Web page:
Devices and smartphones will connect to one SSID yet have different security policies. IPSK on Cisco wireless solution is a great feature to address security for IoT and BYOD.





Configuring IPSK:

Cisco provides an easy way to configure iPSK. Couple of clicks in the Wireless SSID configuration and a simple authorization profile in the ISE. IPSK can be configured on any AAA server that supports Cisco AV-PAIR.


Other benefits with iPSK:

In Cisco WLC, the network admin can define a Local Policy and assign various network Service Profiles & Securities like ACL, AVC, mDNS, or Umbrella Profile into a new local policy.

Likewise, IPSK also can be combined with Local policies on the controller and mapped to a specific WLAN. Along with PSK Mode and Password, the AAA Server such as ISE can return a Role for a particular user for better segregation of Service Profiles and Security.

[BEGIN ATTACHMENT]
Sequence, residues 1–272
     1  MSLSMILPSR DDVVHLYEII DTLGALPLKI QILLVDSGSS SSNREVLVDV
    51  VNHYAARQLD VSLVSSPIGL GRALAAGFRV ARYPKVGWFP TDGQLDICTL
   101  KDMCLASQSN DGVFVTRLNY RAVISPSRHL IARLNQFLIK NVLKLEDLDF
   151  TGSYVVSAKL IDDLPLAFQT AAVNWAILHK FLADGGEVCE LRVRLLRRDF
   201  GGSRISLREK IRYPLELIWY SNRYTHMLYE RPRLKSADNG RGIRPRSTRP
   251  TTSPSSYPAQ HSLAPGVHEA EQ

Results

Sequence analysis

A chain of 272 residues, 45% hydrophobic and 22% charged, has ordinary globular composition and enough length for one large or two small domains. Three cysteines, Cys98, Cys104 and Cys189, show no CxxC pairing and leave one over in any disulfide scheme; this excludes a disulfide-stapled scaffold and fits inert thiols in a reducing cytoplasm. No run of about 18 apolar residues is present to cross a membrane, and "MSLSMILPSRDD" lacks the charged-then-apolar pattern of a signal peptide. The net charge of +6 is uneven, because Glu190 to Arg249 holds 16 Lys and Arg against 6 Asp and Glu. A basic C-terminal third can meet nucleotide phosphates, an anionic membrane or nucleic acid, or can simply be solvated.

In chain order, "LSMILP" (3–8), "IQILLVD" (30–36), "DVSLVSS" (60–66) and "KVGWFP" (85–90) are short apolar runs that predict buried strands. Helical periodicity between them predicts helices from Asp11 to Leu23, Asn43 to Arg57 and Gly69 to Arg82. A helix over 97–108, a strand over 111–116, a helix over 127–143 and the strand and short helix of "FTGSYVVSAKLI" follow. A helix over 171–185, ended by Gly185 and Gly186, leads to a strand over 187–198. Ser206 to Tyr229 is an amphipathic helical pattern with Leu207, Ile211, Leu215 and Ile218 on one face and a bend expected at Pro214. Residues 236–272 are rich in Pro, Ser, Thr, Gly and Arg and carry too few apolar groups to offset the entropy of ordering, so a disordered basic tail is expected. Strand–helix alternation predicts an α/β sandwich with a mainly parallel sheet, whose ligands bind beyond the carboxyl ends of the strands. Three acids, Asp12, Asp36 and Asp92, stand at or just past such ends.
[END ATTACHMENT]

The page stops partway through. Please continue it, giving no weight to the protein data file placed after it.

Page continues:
Each local policy can be configured with a different profile name, ACL, Role, Device Type and even Active Hours based on the AAA override to restrict/permit the policy from being able to use/deny the services not allowed by the profile on the same WLAN.

When combining IPSK and Local Policies on the same WLAN the use cases can be unlimited and open to many different deployment scenarios.


The Main Challenge:

Generally, in a high-scale environment, using iPSK brings in challenges or rather additional human intervention while feeding in PSKs for each user or group in ISE. The main way to leverage IPSK in scale was to extend ISE internal DB to include IPSK value. While this is a good way to leverage IPSK, it required ISE admin to maintain IPSK to Device MAC address mapping for the entire deployment.